November 6, 2013 | Posted in:Uncategorized

I threw life on there as a last-minute decision because, as I reflect on this post, my goals don’t intrinsically shift every time the snow starts falling however much it might outwardly appear so. Goals have been on my mind a lot lately. Perhaps it’s the transition of seasons, or simply the fact that I decided to take this last weekended off from getting out and doing anything. (Everyone needs to take a few day’s off every once in a while.)

Ultimately though, there are some bigger forces leading me to focus on goal planning. This being my last quarter of school (hooray!), there are some big changes happening and goal planning is a more subtle and polite way of saying, “what the fuck am I going to do with my life.”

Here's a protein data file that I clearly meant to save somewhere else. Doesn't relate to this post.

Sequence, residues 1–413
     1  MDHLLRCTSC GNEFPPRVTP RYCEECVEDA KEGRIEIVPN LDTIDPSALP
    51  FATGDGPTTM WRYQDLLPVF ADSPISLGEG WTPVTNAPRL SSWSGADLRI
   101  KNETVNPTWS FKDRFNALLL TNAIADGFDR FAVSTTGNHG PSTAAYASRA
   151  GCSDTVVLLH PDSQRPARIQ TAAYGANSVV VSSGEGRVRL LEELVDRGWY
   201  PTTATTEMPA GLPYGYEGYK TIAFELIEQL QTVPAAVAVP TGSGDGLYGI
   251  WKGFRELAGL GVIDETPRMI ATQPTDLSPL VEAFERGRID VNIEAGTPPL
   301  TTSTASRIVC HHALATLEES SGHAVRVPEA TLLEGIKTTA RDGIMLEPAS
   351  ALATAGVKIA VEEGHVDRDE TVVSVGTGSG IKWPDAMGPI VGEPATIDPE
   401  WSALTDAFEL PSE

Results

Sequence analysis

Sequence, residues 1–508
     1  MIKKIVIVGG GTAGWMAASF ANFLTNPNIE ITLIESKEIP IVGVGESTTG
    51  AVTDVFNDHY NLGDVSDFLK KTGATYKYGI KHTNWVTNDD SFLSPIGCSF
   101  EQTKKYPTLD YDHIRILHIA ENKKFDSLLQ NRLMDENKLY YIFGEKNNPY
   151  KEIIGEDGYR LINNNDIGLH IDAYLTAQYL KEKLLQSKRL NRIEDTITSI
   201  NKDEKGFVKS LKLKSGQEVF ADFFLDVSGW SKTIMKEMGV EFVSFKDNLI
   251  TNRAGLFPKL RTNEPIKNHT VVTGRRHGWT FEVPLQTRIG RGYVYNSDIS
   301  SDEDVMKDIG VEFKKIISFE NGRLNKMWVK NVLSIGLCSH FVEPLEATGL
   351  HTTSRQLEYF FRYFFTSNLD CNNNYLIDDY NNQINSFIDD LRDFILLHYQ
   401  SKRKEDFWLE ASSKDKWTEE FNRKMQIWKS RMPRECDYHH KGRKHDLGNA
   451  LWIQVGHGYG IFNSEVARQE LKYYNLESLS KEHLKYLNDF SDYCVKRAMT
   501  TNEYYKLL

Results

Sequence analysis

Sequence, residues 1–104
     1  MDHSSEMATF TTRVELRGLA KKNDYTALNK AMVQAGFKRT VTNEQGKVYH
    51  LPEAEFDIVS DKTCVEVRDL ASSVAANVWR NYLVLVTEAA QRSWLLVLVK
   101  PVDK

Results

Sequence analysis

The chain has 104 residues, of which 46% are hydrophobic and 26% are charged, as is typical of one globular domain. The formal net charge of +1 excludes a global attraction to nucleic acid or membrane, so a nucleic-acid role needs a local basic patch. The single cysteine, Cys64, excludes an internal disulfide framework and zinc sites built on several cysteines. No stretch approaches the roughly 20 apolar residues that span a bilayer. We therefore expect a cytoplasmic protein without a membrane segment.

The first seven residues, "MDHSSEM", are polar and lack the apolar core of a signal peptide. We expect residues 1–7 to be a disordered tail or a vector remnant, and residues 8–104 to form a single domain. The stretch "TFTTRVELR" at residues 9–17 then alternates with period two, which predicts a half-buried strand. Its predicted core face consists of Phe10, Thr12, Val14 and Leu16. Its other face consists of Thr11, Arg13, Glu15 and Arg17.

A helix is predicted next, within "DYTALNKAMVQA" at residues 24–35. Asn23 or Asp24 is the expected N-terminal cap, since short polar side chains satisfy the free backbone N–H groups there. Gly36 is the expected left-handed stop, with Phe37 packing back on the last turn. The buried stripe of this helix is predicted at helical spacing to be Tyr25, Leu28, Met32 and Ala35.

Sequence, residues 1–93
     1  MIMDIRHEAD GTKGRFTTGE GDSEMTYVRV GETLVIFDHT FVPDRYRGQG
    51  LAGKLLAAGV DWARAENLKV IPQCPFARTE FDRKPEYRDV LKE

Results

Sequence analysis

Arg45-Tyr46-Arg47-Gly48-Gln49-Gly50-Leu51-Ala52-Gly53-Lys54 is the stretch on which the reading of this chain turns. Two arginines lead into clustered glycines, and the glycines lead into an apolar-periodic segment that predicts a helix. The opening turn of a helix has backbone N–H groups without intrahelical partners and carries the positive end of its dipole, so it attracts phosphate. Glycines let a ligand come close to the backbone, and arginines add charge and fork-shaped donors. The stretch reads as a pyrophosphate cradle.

For the first time in many, many, many, years I do not have a seasons pass to any mountain. Just a couple of years ago, I was riding every day and the proud owner of multiple season passes. This should not be confused with my desire to ride less. It is partially a financial decision, partially a result of not knowing where I will land for the winter, and partially a shift in focus for where I want to ride. Still, it is a strange feeling. I almost feel naked without it.

I know what you might be thinking at this point. Not having a pass is not in any way, shape, or form a goal.  You are right, but it does provide a frame of reference for my goals. So does this: Last year I broke my back in December. I feel kind of cheap saying that. Anyone who knows anything about the body will interject, clarifying that I fractured the tranverse processes that, in the grand scheme of things, is a relatively minor break. Back injuries have a strong association with paralysis and other really really bad side effects. When I say I broke my back, without context this is where most people’s minds jump. I’d put my injury more on the lines of a collar bone or a wrist. Sure, it sucks, but it wasn’t that bad. That being said, goal #1: